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Euro zone morale climbs in shadow of record unemployment

Latvia's Prime Minister Valdis Dombrovskis and Finance Minister Andris Vilks (L) address a news conference on the adoption of the euro by La
Latvia's Prime Minister Valdis Dombrovskis and Finance Minister Andris Vilks (L) address a news conference on the adoption of the euro by La

By John O'Donnell

BRUSSELS (Reuters) - Optimism in the euro zone's economy improved sharply in August but stubbornly high unemployment, especially in the bloc's weaker countries, highlighted the fissure separating the recovering north from the struggling south.

Confidence among business managers polled by the European Commission rose for a fourth successive month in the euro zone, the EU executive said on Friday. The positive trend was particularly strong in Germany and the Netherlands but was also seen in Italy, France and Spain.

The measure of sentiment across the currency bloc in August, based on business orders, industrial confidence and other factors such as companies' hiring plans, increased by 2.7 points to 95.2.

Rising confidence has inspired some to predict that the 17 countries using the euro have overcome the worst of a crisis that was triggered by banks' investment in risky mortgage debt and later drove some states to the brink of bankruptcy.

"The most acute phase of the crisis and the toughest period of belt-tightening is behind us," said Dirk Schumacher, an economist with Goldman Sachs.

In a separate release, Eurostat, the European Union's statistics agency, said annual consumer price inflation in August would be 1.3 percent, down from 1.6 percent in the previous month, due mainly to a drop in energy prices.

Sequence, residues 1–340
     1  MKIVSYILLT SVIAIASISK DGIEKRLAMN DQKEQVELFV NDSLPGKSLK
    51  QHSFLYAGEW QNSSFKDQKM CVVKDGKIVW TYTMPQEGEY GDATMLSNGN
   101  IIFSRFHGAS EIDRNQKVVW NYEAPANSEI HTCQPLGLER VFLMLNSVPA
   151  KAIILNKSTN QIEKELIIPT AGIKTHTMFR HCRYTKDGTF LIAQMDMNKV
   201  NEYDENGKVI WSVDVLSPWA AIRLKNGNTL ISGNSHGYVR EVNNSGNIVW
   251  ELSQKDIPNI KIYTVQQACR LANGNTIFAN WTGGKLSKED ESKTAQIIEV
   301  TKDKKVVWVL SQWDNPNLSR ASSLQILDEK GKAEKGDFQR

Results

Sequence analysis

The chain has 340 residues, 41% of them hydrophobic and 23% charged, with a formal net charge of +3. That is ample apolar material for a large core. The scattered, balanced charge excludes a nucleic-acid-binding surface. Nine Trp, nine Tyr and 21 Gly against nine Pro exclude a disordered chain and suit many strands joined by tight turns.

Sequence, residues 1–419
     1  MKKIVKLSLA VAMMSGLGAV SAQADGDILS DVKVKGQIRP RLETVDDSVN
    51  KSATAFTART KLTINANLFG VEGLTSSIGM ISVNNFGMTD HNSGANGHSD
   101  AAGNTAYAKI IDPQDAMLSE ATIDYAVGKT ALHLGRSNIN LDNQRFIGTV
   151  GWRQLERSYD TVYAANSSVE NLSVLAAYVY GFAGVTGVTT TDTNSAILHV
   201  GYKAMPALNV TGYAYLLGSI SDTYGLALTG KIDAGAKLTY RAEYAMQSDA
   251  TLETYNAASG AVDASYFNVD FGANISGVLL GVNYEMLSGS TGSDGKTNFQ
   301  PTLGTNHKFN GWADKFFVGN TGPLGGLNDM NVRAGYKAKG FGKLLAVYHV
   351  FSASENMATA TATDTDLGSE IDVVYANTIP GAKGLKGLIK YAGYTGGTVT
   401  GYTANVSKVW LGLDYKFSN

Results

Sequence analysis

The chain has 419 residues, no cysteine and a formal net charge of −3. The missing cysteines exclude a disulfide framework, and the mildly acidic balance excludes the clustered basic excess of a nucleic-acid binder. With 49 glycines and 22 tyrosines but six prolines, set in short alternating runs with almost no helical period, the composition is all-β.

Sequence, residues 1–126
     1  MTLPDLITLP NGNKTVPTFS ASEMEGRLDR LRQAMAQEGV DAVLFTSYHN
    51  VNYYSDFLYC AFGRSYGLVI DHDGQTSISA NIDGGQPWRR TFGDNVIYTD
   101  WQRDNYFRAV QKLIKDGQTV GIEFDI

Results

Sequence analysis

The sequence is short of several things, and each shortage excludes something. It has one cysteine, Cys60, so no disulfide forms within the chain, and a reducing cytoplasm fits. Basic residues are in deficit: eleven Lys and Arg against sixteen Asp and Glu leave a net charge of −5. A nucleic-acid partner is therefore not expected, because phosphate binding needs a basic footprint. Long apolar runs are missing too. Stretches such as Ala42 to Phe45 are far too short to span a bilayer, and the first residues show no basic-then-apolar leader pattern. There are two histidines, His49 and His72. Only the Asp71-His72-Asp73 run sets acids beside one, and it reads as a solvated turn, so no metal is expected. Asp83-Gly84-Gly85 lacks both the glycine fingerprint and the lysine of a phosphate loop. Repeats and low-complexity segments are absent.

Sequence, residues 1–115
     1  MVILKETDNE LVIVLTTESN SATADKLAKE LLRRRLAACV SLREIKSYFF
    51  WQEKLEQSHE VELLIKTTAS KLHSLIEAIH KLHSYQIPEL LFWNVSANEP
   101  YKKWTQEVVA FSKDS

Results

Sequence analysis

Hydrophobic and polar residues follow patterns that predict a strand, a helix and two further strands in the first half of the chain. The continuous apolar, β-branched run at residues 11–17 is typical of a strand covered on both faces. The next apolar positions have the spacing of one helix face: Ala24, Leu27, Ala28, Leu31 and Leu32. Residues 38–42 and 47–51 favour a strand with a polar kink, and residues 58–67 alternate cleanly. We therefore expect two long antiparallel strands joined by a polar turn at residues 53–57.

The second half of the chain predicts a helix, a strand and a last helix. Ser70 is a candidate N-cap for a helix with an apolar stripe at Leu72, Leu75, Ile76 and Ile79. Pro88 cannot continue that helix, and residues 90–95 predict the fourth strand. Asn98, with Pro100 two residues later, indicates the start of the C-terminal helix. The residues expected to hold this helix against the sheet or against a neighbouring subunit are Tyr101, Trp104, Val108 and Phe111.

A lack of price pressures is a further potential boon to the economy, giving households a little more spending power, and would allow the European Central Bank to stick to its record lower interest rate policy to try to help the economy.

But while morale improved, unemployment in the euro zone in July remained at a record high of 12.1 percent, although there is a huge variation in jobless rates between countries such as Germany, where the job market is robust, and Greece or Spain where more than one in four workers have no job.

"It would be the most dim-witted thing you could do to declare ... that the crisis is over," Juergen Fitschen, the co-chief executive of Germany's flagship Deutsche Bank, told reporters earlier this week in Brussels.

While just over 5 percent of workers in Germany were unemployed, according to Eurostat, that figure reached almost 28 percent in Greece and topped 26 percent in Spain.

Although there were 15,000 fewer people in the euro zone without a job compared with the previous month, 3.5 million people under 25 remain unemployed.

"We haven't broken the negative dynamic in the south of Europe," said Guntram Wolff of think tank Bruegel. "Banking fragility, weak growth and high unemployment still present a threat."

MIXED SIGNALS

A slowdown in euro zone inflation will give the ECB food for thought ahead of a September 5 policy meeting.

Its Governing Council discussed cutting interest rates in July but decided against and instead said it would keep them at record lows for an extended period.

Signs of economic recovery have since reduced pressure for a cut but the fall in inflation may prompt policymakers to have a rethink.

"All in all, while a recovery seems to be underway, there is every reason for the central bank to remain in strongly accommodative mode for the foreseeable future," Jennifer McKeown at Capital Economics wrote in a research note.

ECB policymakers have sent mixed signals in the run up to Thursday's meeting.

Cypriot central bank governor Panicos Demetriades said late last week that a rate cut was still "on the cards", adding that the most recent data was "more encouraging". But Austria's Ewald Nowotny saw no arguments to cut.

German Bundesbank chief Jens Weidmann said on Thursday that the longer interest rates stay low, the less effective monetary policy becomes and the more difficult it will be to withdraw support measures.

(Additional reporting by Paul Carrel in Frankfurt; Editing by Robin Emmott and Susan Fenton)

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